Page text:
Asset allocation: Creating the perfect mix
“Asset allocation” may sound like a complicated term, but its meaning is simple: It’s the practice of diversifying your portfolio with a mix of investment options. And it’s an essential part of getting the most from your retirement plan. Keep in mind that asset allocation and diversification do not guarantee a profit or protect against loss.
Your personal mix
"Asset allocation is absolutely critical," says Randy Long, managing principal at SageView Advisory Group in Irvine, CA. "A significant portion of an investor's total portfolio return is derived from the asset allocation."
Asset classes are categories of investment options. Each asset class has its own risk and performance characteristics. In general, asset classes with lower risk levels offer lower potential for growth. Likewise, asset classes with higher risk levels offer greater growth potential.
Mixing the various categories helps you develop an asset allocation in line with your risk tolerance.1 But how should you decide what mix is right for you? Consider the following:
Your savings timeframe
In general, the longer you have before retirement, the greater percentage you might choose to hold in higher-risk investment options, such as international equities.
The potential for inflation-beating growth is high with these investments, and the risk is lower, with plenty of time allowed for future returns to offset market downturns.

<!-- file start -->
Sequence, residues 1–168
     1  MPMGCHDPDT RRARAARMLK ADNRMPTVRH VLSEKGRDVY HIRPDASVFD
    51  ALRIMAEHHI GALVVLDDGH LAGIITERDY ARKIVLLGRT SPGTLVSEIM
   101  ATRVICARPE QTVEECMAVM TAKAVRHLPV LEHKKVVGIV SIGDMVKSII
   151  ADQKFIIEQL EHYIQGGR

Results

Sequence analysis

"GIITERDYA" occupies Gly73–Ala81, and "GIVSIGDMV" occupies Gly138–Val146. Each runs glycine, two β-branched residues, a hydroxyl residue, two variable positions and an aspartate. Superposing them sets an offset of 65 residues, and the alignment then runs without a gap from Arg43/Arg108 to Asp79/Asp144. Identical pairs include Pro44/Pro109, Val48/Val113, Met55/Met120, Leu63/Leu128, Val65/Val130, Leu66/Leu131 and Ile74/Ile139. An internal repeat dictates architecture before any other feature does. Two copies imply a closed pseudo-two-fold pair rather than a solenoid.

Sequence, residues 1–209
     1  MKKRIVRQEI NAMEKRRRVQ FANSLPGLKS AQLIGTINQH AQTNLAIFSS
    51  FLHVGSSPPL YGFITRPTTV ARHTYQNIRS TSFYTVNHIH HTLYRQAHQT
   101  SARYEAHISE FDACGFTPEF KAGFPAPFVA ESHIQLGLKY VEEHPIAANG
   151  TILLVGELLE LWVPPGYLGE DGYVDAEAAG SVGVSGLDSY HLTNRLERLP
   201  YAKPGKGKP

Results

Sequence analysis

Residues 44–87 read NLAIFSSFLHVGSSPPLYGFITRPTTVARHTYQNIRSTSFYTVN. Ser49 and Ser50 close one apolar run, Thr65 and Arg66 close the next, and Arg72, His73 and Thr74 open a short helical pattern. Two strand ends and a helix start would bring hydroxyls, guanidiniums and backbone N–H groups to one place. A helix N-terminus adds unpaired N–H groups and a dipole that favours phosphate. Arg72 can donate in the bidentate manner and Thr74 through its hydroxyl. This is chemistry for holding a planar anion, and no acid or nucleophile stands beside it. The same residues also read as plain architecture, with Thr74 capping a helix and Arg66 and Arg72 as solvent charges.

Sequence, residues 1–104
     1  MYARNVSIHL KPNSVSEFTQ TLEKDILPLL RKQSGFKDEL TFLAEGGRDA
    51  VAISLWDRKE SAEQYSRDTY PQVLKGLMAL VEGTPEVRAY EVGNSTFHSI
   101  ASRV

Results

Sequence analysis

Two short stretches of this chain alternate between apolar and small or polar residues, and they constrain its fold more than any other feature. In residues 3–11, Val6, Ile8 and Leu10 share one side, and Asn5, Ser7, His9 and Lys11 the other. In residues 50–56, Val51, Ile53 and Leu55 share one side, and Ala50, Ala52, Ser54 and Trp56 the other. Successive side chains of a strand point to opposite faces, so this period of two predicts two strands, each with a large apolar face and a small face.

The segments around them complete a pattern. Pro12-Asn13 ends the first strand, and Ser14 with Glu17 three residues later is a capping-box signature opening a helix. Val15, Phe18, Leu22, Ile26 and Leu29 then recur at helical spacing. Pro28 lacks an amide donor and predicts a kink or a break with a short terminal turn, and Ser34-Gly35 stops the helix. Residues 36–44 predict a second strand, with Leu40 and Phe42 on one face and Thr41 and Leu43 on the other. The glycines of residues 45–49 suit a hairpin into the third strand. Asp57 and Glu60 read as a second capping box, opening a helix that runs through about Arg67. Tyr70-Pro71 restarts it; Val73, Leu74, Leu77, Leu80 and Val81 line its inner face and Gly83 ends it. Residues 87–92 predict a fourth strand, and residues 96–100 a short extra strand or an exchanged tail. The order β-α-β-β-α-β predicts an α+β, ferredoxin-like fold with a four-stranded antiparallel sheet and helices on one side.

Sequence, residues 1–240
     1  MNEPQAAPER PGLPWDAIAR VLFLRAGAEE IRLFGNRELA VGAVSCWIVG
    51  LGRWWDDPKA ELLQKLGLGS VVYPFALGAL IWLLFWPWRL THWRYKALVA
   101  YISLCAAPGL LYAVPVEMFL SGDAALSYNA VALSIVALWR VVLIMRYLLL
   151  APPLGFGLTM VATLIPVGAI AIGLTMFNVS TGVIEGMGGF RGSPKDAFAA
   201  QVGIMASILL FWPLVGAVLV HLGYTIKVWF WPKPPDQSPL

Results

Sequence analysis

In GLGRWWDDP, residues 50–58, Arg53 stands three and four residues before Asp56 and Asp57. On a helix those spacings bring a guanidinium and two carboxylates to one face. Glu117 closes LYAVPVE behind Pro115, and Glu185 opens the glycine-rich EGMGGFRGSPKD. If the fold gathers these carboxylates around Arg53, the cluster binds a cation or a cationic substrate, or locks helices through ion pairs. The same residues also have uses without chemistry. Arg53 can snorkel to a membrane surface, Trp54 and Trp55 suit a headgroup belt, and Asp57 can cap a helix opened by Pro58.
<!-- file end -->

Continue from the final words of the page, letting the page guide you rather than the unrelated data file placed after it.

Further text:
As retirement nears, however, you may shift a larger percentage of retirement funds to lower-risk categories, such as fixed income, to potentially help preserve what you've accumulated.
Your emotional response
A diversified asset allocation may help you feel more comfortable with your portfolio, even when the market shifts.
That's because you're better able to manage risk: With a mix of different investment options from various asset classes, you may not be impacted as much by changes to a single category.
Diverse asset allocation may also help you ride out market highs and lows, and resist the urge to speculate during market swings.
If the fear of market declines keeps you up at night, you may prefer to have a heavier mix of lower-risk investment options. If downturns don't bother you, and you’re decades from retirement, your allocation may be weighted toward higher-risk asset classes.
Whatever you do, be sure to stay on track.
Once you've established your asset allocation, review it at least annually, or as significant events occur. Be sure you’re comfortable with the mix of investments—and that your choices continue to be in line with your goals.
1 Keep in mind that all investment options are subject to investment risk, and it is possible for any investment option to lose value.